Awards & Recognition
Awards & Recognition
Your ideas could be worth a fortune!
Thirty-eight employees were recognized for their suggestions to improve the productivity and services offered by the state.
Submitted through the Kentucky Employee Suggestion System or KESS, the employees' ideas are expected to save the Commonwealth nearly $350,000 in the first year alone.
"As former state auditor, secretary of the cabinet and state budget director, I'm very aware of the need for government efficiencies and ideas to save the state money," Lt. Gov. Luallen said. "Who better to suggest ways to improve the operations of our government than our state employees? The Governor and I want to thank our state employees for their continued commitment to public service and for continuing to find ways to improve efficiency and serve the best interests of our citizens."
Administered by the Personnel Cabinet, KESS was established in 1981 to encourage employees to practice good management and to share ideas for improving operations. Since 1996, the Commonwealth has realized more than $47 million in first-year savings.
"The figures give you an idea of the importance of this program and the impact these employees have made," Secretary Longmeyer said. "With the leanest government in history, employees are asked to perform multiple jobs with fewer resources. They know improvements that can help them be more efficient, and as a result, government becomes more efficient."
Suggestions that result in the improvement of state service or financial savings can be approved for implementation. Submissions are first evaluated at the cabinet level and, if implemented, are then sent to the Kentucky Employee Suggestion System Council for recommendation of a monetary award.
Cash awards can be provided and may range from a minimum of $100 to 10 percent of the first year's documented or estimated savings, up to a maximum of $2,500. One hundred dollars may be given for ideas that are adopted but have intangible savings.
David Stone, an employee with the Justice and Public Safety Cabinet, suggested that the landline phones in the Department of Criminal Justice Training dorm rooms be removed, since cellphone usage is so widely accepted. Two landlines per floor at the dormitory were maintained and 125 landlines eliminated, creating an annual savings of $21,000. Stone received an award of $2,100.
Brian Beaven, an employee with the Division of Motor Carriers in the Kentucky Transportation Cabinet, suggested that two Kentucky Automated Truck Screening (KATS) Systems be used at Kentucky weigh stations to read license plates and U.S. Department of Transportation numbers on trucks. These automated systems are able to identify the commercial vehicles that owe Kentucky tax dollars or the ones that have not purchased the proper temporary permits to travel through the state, thus recouping more than $162,000 in fees. Beaven received an award of $2,500.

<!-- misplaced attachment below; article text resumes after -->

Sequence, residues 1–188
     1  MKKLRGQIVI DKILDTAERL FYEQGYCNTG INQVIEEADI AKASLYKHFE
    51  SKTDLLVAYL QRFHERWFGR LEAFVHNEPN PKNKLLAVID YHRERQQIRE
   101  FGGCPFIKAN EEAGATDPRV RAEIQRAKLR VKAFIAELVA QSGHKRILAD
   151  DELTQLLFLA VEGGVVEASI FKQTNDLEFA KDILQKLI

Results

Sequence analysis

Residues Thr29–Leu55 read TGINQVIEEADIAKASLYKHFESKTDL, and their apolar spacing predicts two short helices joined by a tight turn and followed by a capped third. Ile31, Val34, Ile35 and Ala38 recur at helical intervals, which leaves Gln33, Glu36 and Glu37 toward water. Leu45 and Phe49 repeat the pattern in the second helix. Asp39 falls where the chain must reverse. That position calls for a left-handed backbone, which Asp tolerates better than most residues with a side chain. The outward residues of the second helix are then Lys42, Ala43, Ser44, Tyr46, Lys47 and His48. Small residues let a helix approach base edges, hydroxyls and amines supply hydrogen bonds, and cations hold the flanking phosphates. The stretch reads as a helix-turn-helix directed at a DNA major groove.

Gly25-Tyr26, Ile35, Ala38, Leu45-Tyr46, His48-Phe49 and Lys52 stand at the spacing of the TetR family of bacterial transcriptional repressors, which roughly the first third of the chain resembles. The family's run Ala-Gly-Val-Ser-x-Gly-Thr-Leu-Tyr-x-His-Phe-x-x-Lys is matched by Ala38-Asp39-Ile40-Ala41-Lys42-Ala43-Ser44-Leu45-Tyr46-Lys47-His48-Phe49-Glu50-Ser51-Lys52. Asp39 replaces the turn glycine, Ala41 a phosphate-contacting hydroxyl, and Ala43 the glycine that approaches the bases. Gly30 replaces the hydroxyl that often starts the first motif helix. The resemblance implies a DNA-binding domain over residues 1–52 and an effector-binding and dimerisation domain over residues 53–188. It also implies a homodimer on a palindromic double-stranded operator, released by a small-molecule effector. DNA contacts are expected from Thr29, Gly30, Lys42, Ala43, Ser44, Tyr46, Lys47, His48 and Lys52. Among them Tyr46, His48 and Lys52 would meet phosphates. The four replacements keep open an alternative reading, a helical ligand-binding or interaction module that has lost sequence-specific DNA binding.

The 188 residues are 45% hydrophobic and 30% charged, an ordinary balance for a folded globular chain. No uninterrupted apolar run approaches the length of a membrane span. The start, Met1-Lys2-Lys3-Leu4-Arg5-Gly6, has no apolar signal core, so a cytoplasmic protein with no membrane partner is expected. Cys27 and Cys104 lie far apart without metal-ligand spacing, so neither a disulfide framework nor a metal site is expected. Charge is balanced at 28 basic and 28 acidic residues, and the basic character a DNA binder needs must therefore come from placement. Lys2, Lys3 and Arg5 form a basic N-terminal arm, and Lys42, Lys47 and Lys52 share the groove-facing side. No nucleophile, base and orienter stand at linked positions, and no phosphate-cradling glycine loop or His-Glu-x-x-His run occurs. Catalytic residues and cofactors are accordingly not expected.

To view the 2014 winning suggestions, visit https://personnel.ky.gov/Pages/KESS2014.aspx. To see pictures from the event, click here.
For more information regarding the Personnel Cabinet's Employee Suggestion System, visit https://personnel.ky.gov/pages/rewards.aspx.
Photo: From left, Lt. Governor Crit Luallen, award winner April Madbak, Labor Cabinet Secretary Larry Roberts, and Personnel Cabinet Secretary Tim Longmeyer
Griffith's fast thinking diverts disaster
Some fast thinking by an employee of the Department of Highways District 10 may have averted a disaster when he came upon a wrecked gasoline tanker.
Hargus Griffith, an employee of the District 10 bridge crew, was driving a snowplow on the morning of Thursday, Feb. 26, when he saw a tanker truck that had partially slid off the snow-covered roadway on the Duck Fork bridge on KY 399 in Lee County. Recognizing the potential danger, he called for other Department of Highways crew members to respond. Eventually, fire and rescue and environmental crews arrived on the scene.
There were no injuries reported and the bridge suffered only minor damage to its side railing.
In a letter commending Griffith for his quick thinking, District 10 chief district engineer Corbett Caudill wrote:
"You recognized that this matter could have escalated into a serious incident and acted with intelligence and foresight in requesting a response to the accident. While the situation thankfully did not turn into an emergency, the potential was there and you were wise in realizing that and in analyzing the situation. Had the tanker truck ruptured, the water supply for thousands of Kentuckians all the way from Lee County to the Ohio River would have been in jeopardy. If the truck had caught fire or exploded, loss of life could have happened."
KSP Honor Guard Serves At Ford Memorial
The Kentucky State Police Honor Guard played a high visibility role during memorial services for Wendell Ford, Kentucky's 53rd governor, who died on Jan. 22 at age 90.
The unit served as pallbearers and stood casket guard during ceremonies held at the Capitol Rotunda in Frankfort on Jan. 25th.
Members of the KSP Honor Guard who participated in the detail include: Sgt. Jason Bunch, Post 10-Harlan; Tpr. Anthony Bowling, Post 8-Morehead; Tpr. Jared Clemons, Post 4-Elizabethtown; Tpr. Jack Hedges, Post 12-Frankfort; Tpr. Seth Lee, Post 4-Elizabethtown; Tpr. Jeremy Moore, Post 6-Dry Ridge; Tpr. Justin Phillips, Post 15-Columbia; Tpr. Robert Purdy, Post 7-Richmond; Tpr. Brad Riley, Executive Security Branch; Tpr. Brent Sparks, Post 8-Morehead and Tpr. Clint Walker, Post 15-Columbia.
Ford was the 21st person to lie in state in Kentucky's Capitol. The last time the KSP Honor Guard served in a gubernatorial memorial was in 2004 at the passing of Louie Nunn, the state's 52nd governor.